2

The response body looks like this.


[
    {
        "id": 1,
        "wardName": "Unit1"
    },
    {
        "id": 2,
        "wardName": "Unit2"
    },
    {
        "id": 3,
        "wardName": "Unit3"
    },
    {
        "id": 4,
        "wardName": "Unit4"
    }
]

Here, I need to verify whether the ward names (Unit1, Unit2, Unit3, and Unit4) have correct values.

2

You can create a Postman test:

pm.test("Checking wardNames", () => {
  const responseJson = pm.response.json();
  pm.expect(responseJson[0].wardName).to.eql(Unit1);
  pm.expect(responseJson[1].wardName).to.eql(Unit2);
  pm.expect(responseJson[2].wardName).to.eql(Unit3);
  pm.expect(responseJson[3].wardName).to.eql(Unit4);
});

Of course, you can code these assertions differently as you want.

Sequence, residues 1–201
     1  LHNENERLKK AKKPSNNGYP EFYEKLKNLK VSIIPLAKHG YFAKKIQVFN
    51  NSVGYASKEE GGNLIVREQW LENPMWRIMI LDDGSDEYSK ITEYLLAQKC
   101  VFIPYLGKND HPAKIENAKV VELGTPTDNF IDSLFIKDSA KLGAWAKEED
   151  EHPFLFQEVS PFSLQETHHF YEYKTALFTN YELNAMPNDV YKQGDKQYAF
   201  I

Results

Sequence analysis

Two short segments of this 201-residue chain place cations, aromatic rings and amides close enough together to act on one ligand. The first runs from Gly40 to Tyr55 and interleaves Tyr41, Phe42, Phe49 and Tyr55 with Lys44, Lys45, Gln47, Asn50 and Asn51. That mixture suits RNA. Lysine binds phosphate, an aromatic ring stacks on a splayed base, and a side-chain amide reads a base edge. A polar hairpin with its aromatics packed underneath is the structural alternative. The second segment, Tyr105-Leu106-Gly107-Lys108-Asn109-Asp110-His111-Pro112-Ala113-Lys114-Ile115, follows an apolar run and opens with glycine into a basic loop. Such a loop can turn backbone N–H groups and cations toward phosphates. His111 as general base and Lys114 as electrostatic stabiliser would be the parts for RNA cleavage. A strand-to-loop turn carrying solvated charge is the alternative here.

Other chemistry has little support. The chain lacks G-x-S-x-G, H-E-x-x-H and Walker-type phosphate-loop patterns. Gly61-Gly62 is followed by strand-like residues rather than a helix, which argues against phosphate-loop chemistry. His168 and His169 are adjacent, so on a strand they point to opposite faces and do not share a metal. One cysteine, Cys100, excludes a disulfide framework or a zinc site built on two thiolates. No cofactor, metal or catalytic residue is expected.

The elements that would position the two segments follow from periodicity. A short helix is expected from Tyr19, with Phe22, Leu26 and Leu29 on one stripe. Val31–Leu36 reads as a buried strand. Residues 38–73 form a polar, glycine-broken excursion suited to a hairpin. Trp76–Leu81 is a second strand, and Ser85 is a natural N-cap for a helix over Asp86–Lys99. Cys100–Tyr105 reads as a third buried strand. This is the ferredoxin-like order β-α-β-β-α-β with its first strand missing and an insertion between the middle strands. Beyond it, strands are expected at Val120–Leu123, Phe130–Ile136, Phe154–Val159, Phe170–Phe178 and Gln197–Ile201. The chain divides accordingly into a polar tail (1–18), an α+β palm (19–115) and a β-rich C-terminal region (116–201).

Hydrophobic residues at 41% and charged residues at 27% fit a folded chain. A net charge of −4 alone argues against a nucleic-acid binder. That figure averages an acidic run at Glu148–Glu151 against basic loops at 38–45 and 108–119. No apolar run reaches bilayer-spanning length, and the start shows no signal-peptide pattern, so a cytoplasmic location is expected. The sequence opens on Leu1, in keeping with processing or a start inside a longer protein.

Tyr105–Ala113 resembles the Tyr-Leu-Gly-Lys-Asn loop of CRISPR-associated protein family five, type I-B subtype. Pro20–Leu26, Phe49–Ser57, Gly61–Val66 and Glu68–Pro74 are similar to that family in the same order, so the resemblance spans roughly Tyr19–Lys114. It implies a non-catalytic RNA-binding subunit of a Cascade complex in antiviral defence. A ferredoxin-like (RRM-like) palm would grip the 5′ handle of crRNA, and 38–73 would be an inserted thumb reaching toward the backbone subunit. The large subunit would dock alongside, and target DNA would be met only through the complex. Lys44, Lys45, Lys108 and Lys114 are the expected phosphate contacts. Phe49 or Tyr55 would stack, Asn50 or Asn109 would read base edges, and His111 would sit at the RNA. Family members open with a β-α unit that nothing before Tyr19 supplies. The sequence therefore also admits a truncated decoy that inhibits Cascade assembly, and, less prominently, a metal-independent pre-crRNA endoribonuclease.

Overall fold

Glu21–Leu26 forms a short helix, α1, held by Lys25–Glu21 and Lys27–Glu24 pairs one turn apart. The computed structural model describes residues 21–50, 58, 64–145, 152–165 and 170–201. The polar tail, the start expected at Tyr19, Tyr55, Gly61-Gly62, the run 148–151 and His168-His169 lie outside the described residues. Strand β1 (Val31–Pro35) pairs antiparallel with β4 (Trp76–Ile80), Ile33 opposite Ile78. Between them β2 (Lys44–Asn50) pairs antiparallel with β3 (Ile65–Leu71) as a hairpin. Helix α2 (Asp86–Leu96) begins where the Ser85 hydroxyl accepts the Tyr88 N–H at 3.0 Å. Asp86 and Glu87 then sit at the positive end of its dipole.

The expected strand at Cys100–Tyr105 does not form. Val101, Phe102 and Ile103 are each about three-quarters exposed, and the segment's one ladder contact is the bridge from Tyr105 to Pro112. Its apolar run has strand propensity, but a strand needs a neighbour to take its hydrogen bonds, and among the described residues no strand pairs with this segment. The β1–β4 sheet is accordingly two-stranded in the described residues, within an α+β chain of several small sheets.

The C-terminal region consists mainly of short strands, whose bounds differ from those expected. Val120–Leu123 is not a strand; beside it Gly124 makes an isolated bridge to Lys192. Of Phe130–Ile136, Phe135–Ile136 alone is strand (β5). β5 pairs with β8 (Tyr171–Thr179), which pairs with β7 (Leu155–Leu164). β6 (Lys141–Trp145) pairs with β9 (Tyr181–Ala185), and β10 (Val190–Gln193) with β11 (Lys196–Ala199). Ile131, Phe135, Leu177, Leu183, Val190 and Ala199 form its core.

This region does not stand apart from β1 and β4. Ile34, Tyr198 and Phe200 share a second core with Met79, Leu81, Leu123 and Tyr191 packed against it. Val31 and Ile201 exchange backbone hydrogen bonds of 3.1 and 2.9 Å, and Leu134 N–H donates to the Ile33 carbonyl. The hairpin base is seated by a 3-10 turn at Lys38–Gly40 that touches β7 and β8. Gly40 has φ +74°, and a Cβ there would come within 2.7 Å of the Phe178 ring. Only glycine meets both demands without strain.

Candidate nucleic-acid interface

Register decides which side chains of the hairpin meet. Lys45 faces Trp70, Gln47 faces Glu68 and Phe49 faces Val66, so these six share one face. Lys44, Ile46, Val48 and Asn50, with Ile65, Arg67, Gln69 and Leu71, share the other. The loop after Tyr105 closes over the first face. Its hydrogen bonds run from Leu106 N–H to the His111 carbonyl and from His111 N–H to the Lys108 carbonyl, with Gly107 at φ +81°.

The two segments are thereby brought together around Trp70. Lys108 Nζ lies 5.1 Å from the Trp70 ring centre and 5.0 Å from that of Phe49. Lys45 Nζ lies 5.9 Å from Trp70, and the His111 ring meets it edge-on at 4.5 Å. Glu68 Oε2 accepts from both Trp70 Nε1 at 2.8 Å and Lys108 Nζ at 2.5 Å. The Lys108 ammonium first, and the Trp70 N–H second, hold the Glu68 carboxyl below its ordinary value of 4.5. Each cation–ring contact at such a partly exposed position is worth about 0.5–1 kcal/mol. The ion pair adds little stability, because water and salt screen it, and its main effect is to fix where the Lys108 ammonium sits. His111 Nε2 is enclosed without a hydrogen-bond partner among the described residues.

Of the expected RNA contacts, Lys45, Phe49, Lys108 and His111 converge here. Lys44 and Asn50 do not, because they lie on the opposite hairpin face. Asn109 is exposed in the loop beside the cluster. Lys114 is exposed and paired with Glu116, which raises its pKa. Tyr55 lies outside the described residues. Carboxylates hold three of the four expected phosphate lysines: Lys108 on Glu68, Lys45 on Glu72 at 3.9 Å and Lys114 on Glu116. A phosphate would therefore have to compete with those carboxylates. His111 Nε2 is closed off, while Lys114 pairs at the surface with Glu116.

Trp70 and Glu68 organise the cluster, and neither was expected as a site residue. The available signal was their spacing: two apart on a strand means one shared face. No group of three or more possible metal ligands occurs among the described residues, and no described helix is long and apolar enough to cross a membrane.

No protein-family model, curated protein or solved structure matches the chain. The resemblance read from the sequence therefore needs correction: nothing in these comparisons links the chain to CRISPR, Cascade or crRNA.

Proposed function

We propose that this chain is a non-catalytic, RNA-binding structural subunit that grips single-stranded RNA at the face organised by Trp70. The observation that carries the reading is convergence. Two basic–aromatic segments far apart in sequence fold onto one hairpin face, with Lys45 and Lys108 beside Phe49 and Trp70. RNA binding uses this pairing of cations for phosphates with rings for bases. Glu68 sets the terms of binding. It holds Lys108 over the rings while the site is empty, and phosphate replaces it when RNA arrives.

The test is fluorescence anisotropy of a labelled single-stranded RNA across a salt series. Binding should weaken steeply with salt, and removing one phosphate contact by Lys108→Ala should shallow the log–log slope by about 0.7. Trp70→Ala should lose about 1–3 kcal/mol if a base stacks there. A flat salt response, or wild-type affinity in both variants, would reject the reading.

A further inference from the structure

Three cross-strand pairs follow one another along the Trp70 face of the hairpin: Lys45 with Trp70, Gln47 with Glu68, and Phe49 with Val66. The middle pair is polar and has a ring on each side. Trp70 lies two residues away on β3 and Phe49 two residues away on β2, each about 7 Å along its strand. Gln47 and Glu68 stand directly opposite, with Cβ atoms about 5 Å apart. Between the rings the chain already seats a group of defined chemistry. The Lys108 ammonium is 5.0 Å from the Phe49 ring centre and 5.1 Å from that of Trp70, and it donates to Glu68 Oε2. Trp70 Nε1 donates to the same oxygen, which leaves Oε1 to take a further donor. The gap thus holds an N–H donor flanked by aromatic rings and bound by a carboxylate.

4
  • Hi Joāo, Thank you for the answer. I have tried with that but gives the following error. "Checking wardNames | TypeError: Cannot read property '0' of undefined" Oct 25 at 7:29
  • 2
    @kasunigunasekera: there should be no list, the array from the response is already accessible through responseBody, so pm.expect(responseJson[0].wardName).to.eql('Unit1'); is how to write these checks. Also eql() has to take a string, Unit1 without quotes will try to find a variable with such a name. More on that in Postman docs learning.postman.com/docs/writing-scripts/script-references/…
    – pavelsaman
    Oct 25 at 8:22
  • @pavelsaman That worked! Thanks a lot, both. Oct 25 at 8:31
  • 1
    Yeah, I assumed there would be some object of type list, not a list on the root of a JSON object - this design is odd. Oct 25 at 13:59

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